A soldier is guilty of neither murder nor manslaughter if he mistakenly or unreasonably fires his weapon, an official in Northern Ireland said in 1993.
Prosecution of servicemen for killings during the conflict has divided opinion.
Files recently disclosed by the Public Records Office of Northern Ireland (PRONI) revealed the question has been discussed among Northern Ireland Office (NIO) civil servants for decades.
Lord Kenneth Diplock designed the trial without a jury system, in cases where jurors could be intimidated by armed groups, and spoke about the subject of prosecuting members of the military.
The civil servant wrote: “What this seems to amount to is that a soldier is issued with a lethal weapon and is expected to use it where circumstances require.
“To speak of ‘excessive force’ will be misleading – it is not like self-defence in a pub brawl.”
Lord Diplock took the view that an honest and reasonable mistake as to the need to fire would be a defence against prosecution in court – that a reasonable person acting intuitively would be likely to fire.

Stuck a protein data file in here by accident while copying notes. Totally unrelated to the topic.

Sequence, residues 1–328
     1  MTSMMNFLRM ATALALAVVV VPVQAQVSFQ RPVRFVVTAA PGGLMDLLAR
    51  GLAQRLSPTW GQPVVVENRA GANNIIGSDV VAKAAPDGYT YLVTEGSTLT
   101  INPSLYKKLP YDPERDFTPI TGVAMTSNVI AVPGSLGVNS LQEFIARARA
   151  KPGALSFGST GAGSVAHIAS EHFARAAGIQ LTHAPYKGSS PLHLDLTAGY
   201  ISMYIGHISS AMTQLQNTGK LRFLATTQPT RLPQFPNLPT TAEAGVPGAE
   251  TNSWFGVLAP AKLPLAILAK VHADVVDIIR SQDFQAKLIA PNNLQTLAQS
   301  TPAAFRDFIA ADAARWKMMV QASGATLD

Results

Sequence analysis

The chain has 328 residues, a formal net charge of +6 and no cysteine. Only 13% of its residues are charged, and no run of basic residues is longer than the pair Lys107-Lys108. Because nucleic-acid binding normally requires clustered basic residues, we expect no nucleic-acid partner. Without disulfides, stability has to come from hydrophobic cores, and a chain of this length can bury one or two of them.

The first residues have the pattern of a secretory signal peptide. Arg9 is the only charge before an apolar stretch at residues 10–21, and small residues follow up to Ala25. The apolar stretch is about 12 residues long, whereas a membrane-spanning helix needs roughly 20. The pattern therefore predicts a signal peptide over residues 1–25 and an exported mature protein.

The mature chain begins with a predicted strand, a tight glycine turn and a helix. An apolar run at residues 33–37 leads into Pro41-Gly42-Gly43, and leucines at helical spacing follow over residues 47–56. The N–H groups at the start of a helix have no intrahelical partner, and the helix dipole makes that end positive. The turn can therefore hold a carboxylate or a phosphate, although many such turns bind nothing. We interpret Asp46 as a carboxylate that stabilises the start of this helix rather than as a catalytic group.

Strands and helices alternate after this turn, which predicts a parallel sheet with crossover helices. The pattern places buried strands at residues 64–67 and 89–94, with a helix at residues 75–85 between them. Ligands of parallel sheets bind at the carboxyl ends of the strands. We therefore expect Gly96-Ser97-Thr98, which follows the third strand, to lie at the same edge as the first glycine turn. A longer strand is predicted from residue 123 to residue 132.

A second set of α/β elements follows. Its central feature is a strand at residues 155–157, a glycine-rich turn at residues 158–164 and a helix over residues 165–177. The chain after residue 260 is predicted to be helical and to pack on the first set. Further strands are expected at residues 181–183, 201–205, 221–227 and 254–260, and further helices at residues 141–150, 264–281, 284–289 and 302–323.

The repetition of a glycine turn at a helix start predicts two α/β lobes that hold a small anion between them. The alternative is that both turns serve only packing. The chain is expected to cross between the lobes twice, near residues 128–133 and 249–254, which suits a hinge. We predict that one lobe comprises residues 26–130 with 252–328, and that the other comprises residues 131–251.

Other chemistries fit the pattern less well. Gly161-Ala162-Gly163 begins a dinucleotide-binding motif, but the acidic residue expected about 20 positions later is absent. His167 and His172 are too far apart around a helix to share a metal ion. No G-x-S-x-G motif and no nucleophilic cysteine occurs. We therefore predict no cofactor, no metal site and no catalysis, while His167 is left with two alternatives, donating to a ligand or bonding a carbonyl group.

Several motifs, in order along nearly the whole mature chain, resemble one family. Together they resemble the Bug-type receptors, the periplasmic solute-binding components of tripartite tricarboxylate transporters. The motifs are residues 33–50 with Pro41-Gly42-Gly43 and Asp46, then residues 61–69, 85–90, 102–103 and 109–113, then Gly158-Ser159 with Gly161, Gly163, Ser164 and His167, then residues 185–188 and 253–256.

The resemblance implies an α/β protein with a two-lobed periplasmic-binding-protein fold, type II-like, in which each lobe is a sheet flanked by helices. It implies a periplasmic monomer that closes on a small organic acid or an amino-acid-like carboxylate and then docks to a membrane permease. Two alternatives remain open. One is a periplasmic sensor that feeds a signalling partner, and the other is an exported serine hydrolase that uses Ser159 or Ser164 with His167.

The official said English Court of Appeal authority had established that a mistake as to the need to fire may be honest but not reasonable.
“The upshot is this: if a soldier honestly believes he is preventing very serious crime, then he has got a gun and a job to do and the fact that his belief was mistaken, even unreasonable, is irrelevant.
“The gun was a lethal weapon but he is guilty neither of murder nor manslaughter.”
The contemporary Government has been considering establishing an independent Historical Investigations Unit (HIU) to comb over unresolved cases for new leads.
Some MPs believe this could lead to a “witch hunt” against former soldiers in Northern Ireland but many victims seek justice for the loss of loved ones in disputed circumstances many years ago.
The majority of killings during the conflict were carried out by former paramilitaries.